Журнал заболеваний щитовидной железы и терапии

Журнал заболеваний щитовидной железы и терапии
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ISSN: 2167-7948


Physical Performance in Elderly Outpatients with Subclinical Hypothyroidism Compared with Euthyroid Counterparts

 Abraham A. Vázquez-García, Lilia Cárdenas- Ibarra, Jesús Z. Villarreal-Pérez, Sandra Meza, Daniel Gamez, Jorge Platt, Guillermo Guajardo-Álvarez, David Saucedo and Francisco Torres-Pérez

Background: There continues to be controversy on the clinical relevance of elderly mild subclinical hypothyroidism (SH), defined as a TSH elevation (4.0-9.99 μIU/L) with normal free thyroxin levels.

Objective: To compare physical performance (PP) in elderly individuals with a TSH level above normal range versus normal counterparts. Design: Case-control study of ambulatory patients enrolled between January 2009 and December 2010. Setting: Outpatient geriatric service.

Participants: Elderly individuals 65-84 years old (y/o) with SH and without conditions known to affect physical mobility.

Measurements: The Short Physical Performance Battery (SPPB) was performed. The statistical analysis used the Mantel-Haenszel odds ratio (M-H-OR) method and Student’s t test with an alpha of 0.05. Results: Of the183 individuals screened, 28 (15.3%) had SH. The study response was 89.3%, thus 25 individuals with SH were compared to 27 euthyroid controls matched by age and sex. Gender and age influence SPPB, increased age was associated with <4 points balance: 13.8% in 65-74 y/o vs. 44.0% in 75-84 y/o, χ2=6.1, p<0.05; strength of dominant leg and SPPB score were higher in men than women (both, p<0.05). Body mass index was higher in SH than controls in men (29.3 ± 2 vs. 23.4 ± 3, t=3.2, <0.02). Women with SH had a worse SPPB score than the control group, M-H-OR=8.4, p<0.05. Confidence intervals of mean gait speed were 0.73-0.95 vs. 0.98-1.14 m/s, respectively with results in men lacking significance. Chair stands were longer in SH than controls: 13.5 ± 2.4 vs. 10.0 ± 1.7 seconds for men and 20.6 ± 12.6 vs. 14.8 ± 2.9 seconds for women, both p<0.05.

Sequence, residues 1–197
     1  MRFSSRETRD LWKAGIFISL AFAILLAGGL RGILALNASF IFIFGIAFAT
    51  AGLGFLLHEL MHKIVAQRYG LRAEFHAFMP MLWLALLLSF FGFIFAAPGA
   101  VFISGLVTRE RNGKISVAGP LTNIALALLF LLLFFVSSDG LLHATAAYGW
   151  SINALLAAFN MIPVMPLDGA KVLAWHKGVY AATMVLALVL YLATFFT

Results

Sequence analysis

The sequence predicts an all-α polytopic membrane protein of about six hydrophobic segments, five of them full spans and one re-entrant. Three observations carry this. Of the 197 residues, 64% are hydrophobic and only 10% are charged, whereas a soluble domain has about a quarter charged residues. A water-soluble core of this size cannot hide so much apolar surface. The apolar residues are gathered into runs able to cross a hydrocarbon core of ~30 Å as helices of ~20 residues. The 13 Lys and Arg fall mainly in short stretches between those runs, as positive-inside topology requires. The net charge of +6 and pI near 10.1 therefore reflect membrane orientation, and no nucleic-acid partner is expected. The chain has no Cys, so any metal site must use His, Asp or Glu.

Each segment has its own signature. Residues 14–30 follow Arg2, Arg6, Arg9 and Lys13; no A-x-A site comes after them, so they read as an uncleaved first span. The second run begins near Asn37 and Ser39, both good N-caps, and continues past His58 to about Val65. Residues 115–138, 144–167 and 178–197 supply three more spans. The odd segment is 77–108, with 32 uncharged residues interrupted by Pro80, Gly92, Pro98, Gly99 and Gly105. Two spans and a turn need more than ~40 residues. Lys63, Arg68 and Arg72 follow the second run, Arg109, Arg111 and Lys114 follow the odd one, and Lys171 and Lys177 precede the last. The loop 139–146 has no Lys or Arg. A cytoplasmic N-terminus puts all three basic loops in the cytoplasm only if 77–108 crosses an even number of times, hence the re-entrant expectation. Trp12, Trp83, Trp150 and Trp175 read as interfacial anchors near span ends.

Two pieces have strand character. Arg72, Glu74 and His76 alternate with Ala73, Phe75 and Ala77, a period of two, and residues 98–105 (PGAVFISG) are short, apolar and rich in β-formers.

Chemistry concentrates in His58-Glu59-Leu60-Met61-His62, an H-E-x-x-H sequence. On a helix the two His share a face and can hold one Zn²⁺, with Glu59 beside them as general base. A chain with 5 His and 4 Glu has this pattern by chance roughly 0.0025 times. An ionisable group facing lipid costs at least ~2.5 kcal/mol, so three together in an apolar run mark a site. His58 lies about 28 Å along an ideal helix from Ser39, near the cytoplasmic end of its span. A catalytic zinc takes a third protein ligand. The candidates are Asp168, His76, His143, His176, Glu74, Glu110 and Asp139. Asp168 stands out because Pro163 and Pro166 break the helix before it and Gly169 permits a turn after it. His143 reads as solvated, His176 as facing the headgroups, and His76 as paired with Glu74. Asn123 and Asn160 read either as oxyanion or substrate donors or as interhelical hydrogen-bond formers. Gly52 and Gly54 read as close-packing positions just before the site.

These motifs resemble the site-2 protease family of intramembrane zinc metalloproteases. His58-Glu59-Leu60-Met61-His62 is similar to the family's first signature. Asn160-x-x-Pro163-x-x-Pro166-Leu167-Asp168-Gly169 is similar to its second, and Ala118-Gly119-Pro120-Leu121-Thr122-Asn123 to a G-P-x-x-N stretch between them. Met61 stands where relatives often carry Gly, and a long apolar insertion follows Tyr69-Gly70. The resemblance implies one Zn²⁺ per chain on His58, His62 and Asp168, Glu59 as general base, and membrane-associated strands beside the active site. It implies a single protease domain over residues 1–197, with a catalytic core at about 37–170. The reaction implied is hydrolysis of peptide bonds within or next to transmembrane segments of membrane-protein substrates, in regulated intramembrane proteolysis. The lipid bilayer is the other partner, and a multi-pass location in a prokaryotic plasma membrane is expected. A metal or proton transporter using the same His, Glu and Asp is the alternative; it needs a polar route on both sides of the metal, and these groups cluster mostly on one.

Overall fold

Conclusions: These data suggests an association between SH and lower physcial performance. This warrants further study to define if T4 supplementation improves physcial performance, thus preventing frailty.